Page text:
Red Hat, Docker, Heptio, Mesosphere, Rancher, Platform9, Pivotal, Google, Microsoft, IBM and Cisco are among the many enterprise vendors seeking to cash in on the container craze with prepackaged Kubernetes implementations for private and hybrid clouds. Some of these products — such Red Hat’s OpenShift Container Platform, Docker Enterprise Edition and Rancher’s eponymous platform — offer their own distribution of the container orchestration software, and most add their own enterprise security and management features on top of upstream Kubernetes code.

However, some enterprise IT shops still prefer to download Kubernetes source code from GitHub and leave out IT vendor middlemen.

“We’re seeing a lot of companies go with [upstream] Kubernetes over Docker [Enterprise Edition] and [Red Hat] OpenShift,” said Damith Karunaratne, director of client solutions for Indellient Inc., an IT consulting firm in Oakville, Ont. “Those platforms may help with management out of the gate, but software license costs are always a consideration, and companies are confident in their technical teams’ expertise.”

The case for pure upstream Kubernetes

One such company is Rosetta Stone, which has used Docker containers in its DevOps process for years, but has yet to put a container orchestration tool into production. In August 2017, the company considered Kubernetes overkill for its applications and evaluated Docker swarm mode as a simpler approach to container orchestration.

Fast-forward a year, however, and the global education software company plans to introduce upstream Kubernetes into production due to its popularity and ubiquity as the container orchestration standard in the industry.

Concerns about Kubernetes management complexity are outdated, given how the latest versions of the tool smooth out management kinks and require less customization for enterprise security features, said Kevin Burnett, DevOps lead for Rosetta Stone in Arlington, Va.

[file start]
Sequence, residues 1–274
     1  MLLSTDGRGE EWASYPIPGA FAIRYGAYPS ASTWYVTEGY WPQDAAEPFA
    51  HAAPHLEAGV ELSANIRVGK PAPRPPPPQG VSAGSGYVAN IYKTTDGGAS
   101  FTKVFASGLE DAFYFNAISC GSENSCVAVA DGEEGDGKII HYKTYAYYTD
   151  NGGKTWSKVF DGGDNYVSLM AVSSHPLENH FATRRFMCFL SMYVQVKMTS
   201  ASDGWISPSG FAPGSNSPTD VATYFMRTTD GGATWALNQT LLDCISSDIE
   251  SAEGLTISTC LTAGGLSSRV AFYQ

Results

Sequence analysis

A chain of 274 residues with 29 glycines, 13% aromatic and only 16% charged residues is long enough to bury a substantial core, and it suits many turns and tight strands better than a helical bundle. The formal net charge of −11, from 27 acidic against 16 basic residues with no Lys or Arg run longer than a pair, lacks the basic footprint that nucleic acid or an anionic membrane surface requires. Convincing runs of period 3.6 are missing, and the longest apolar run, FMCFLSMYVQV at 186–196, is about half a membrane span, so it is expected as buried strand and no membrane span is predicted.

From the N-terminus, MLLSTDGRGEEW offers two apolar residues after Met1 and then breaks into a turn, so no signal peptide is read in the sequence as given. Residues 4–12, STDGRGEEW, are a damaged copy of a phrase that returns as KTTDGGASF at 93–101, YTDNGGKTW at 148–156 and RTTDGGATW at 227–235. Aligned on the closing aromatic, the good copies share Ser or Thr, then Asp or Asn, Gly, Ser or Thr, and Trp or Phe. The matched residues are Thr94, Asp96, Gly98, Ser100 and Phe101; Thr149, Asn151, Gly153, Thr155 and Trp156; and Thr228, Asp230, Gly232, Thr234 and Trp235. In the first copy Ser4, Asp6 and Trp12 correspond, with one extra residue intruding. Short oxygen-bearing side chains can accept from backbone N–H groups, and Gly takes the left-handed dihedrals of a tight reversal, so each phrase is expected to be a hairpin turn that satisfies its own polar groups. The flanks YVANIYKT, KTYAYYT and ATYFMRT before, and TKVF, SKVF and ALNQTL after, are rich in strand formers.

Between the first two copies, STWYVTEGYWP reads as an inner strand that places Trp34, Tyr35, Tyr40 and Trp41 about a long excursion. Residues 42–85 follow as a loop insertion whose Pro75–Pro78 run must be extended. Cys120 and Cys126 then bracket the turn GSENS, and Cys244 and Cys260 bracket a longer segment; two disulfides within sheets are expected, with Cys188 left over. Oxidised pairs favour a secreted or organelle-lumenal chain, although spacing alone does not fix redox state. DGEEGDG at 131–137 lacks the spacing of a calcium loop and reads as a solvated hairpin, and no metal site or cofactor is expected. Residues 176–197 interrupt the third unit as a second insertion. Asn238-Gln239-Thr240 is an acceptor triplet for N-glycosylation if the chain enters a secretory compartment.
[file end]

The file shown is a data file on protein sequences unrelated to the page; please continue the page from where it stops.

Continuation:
“We’re a late adopter, but we have the benefit of more maturity in the platform,” Burnett said. “We also wanted to avoid [licensing] costs, and we already have servers. Eventually, we may embrace a cloud service like Google Kubernetes Engine more fully, but not yet.”

Burnett said his team prefers to hand-roll its own configurations of open source tools, and it doesn’t want to use features from a third-party vendor’s Kubernetes implementation that may hinder cloud portability in the future.

Other enterprise IT shops are concerned that third-party Kubernetes implementations — particularly those that rely on a vendor’s own distribution of Kubernetes, such as Red Hat’s OpenShift — will be easier to install initially, but could worsen management complexity in the long run.

“Container sprawl combined with a forked Kubernetes runtime in the hands of traditional IT ops is a management nightmare,” said a DevOps transformation leader at an insurance company who spoke on condition of anonymity, because he’s not authorized to publicly discuss the company’s product evaluation process.